During Grant’s late night insomnia periods, he’s often surfing food blogs and sending me far more recipes than we’ll ever have the chance to try. One Sunday morning, I woke to find this one in my inbox and it sounded so interesting that we tried it that evening. It’s from a blog called Vittles and Voyages and it was very good!
This is the original recipe with my annotations and changes:
16 oz uncooked, whole-wheat fettuccine noodles ( we used regular)
1 bag (8 oz) of mini sweet peppers (I used 2.5 cups of pepper slices in mixed colors)
(I added 1/4 cup chopped sweet onion)
2 tbsp. olive oil (I used about 3 plus a tbsp butter)
2 lbs. uncooked chicken breast
2 tsp. minced garlic
1 tsp. paprika (I used Penzey’s Hungarian)
1 tsp. oregano (I used 5 leaves of fresh basil instead)
1 tsp. Tony Chachere’s Original Seasoning (I used Penzey’s Cajun spice but only had 1/2 tsp left)
Dash of salt, dash of pepper to taste
(I added 1 tbsp butter)
1 c. shredded mozzarella cheese (I used an Italian mix)
The original recipe called for roasting fresh peppers, but as I had approximately 4 pounds of sliced sweet peppers in the freezer I used frozen pepper slices instead. They turned out quite well and make the recipe less complicated, as well as adding less heat into the kitchen. In the winter, of course, the heat would be more welcome and fresh peppers might need the extra kick from roasting as they would have been shipped from farther away.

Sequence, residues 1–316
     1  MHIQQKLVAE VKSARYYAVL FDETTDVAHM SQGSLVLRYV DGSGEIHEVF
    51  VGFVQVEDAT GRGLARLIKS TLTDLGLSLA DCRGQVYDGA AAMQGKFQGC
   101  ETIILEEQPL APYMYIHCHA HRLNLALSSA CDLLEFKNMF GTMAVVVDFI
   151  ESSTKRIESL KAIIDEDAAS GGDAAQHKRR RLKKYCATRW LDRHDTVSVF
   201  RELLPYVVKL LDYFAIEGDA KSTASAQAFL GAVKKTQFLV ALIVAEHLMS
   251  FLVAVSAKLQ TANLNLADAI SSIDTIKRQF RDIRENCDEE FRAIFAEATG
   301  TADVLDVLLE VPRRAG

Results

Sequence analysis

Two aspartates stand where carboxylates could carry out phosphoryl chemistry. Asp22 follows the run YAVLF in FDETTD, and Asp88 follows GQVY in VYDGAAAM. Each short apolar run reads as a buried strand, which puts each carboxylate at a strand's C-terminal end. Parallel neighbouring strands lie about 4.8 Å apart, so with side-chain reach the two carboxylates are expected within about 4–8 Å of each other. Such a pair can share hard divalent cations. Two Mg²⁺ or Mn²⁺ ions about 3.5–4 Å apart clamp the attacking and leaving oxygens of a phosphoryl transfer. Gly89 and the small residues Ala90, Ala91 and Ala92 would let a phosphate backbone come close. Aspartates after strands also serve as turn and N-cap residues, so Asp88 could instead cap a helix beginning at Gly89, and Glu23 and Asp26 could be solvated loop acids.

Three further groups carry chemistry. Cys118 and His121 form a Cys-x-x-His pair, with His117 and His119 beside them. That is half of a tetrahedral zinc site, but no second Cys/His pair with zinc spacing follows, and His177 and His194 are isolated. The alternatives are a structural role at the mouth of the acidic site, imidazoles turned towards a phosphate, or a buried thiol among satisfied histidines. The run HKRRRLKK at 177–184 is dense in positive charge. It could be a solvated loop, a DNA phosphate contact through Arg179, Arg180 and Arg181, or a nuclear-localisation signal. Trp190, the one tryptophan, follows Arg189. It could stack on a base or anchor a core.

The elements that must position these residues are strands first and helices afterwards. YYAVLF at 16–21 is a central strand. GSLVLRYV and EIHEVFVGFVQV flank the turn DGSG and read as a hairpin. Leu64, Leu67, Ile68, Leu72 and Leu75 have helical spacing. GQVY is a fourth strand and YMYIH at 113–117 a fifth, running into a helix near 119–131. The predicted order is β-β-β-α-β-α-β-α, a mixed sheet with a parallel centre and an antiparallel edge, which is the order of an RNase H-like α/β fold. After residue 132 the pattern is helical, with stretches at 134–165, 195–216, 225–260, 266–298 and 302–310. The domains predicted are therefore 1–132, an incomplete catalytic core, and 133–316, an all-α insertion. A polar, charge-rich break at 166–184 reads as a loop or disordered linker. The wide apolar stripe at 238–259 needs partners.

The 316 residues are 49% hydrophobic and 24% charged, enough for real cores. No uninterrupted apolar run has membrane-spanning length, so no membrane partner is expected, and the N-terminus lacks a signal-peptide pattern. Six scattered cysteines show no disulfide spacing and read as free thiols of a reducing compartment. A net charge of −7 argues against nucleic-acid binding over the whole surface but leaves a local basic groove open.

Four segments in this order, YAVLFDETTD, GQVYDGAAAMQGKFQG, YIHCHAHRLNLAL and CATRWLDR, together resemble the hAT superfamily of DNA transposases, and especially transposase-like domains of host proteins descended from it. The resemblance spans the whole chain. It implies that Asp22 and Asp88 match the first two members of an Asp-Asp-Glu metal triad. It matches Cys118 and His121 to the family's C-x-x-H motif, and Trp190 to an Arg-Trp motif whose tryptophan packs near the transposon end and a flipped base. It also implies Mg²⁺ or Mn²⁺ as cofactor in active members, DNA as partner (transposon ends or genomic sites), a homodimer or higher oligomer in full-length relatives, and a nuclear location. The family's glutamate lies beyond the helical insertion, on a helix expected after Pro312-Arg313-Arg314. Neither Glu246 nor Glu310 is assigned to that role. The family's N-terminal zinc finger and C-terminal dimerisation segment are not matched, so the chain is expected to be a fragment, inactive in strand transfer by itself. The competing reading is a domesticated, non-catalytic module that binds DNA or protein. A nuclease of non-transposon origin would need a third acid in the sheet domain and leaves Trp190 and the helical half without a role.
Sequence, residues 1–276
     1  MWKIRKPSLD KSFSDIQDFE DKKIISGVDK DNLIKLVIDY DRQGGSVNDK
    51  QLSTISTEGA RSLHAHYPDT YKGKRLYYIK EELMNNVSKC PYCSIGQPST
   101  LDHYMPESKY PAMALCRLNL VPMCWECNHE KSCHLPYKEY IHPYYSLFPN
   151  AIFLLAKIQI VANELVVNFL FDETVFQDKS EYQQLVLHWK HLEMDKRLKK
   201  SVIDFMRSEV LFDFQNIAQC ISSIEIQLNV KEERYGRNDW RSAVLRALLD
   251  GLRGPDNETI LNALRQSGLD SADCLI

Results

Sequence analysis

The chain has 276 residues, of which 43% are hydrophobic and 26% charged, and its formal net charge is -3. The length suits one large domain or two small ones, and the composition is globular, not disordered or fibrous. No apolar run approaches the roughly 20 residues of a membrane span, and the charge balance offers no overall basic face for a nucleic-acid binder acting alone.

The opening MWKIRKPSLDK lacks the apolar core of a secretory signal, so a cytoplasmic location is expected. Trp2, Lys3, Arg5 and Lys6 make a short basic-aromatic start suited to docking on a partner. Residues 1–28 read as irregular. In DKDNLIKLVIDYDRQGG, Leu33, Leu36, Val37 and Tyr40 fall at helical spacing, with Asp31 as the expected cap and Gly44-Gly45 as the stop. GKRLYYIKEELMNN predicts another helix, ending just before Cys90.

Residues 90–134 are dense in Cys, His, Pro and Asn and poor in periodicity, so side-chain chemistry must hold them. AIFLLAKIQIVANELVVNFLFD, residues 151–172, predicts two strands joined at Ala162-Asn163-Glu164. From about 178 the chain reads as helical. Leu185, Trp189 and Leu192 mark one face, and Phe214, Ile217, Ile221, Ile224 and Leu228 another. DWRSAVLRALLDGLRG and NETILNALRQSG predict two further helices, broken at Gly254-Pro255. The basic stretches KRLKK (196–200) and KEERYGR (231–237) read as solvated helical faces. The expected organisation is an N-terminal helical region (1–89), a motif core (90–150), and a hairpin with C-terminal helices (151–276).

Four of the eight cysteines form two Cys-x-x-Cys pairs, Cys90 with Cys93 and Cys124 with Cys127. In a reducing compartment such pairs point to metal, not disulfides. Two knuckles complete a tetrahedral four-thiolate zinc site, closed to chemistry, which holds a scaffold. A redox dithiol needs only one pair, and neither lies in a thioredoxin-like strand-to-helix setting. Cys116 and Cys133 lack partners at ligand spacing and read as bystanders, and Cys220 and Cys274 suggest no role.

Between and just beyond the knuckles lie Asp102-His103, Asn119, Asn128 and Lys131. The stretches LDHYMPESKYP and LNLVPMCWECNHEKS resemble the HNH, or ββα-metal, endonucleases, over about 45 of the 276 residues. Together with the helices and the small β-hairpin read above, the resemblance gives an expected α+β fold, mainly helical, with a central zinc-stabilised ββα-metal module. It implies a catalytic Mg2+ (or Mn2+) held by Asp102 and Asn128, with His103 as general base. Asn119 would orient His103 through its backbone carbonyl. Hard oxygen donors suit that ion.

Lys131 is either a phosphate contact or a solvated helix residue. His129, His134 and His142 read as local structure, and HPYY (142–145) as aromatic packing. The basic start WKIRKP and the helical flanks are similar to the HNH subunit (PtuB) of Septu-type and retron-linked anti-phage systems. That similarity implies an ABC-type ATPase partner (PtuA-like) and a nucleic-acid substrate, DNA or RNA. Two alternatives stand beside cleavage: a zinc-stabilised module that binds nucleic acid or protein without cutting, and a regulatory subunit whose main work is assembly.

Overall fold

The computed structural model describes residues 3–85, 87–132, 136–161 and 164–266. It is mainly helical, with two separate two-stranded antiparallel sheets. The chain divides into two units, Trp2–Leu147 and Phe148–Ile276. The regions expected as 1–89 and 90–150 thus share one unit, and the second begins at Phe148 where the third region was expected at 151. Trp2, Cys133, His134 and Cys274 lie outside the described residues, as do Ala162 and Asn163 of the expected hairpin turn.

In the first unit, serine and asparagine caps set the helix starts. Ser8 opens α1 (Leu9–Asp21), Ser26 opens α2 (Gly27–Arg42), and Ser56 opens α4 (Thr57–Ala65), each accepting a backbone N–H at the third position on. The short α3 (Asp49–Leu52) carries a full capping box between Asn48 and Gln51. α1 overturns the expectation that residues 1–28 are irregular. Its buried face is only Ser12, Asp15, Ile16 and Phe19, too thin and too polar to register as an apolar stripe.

I put 2 tbsp oil into a large saucepan on medium-high heat and a pot of water on another burner to start heating for the pasts. When the oil in the saucepan warmed, the onion went in. When the onion started to become translucent and just a little brown around the edges, I put in the garlic, stirred a few times, then added the chicken. When it was nearly cooked through I put the chicken aside in a bowl and added the Cajun and Hungarian spices and chopped basil, along with the salt and pepper. Next time I would double or triple the basil, or try fresh oregano in addition or instead. The the peppers went in; they were only stirred a couple of times. When some of them had seared at the edges I put the pan aside. At this point the pasta was done, so I pulled out 3/4 cup pasta water and drained the pasta while the saucepan went onto the high heat burner that the water had been on. Half of the pasta water went in to deglaze the pan as soon as it was hot.
Then I added the chicken to reheat for a minute, then the pasta and remaining water. I added some butter and another tbs or so of olive oil as well to make sure the noodles were thoroughly coated. A pinch or two of cheese over the top, and a little extra pepper if needed, and the dish was done. It was a reasonably quick and not too difficult dish. It could easily be doubled for guests or cut in half for a couple. The toddler eagerly gobbled down his portion and I am looking forward to my share of the leftovers.
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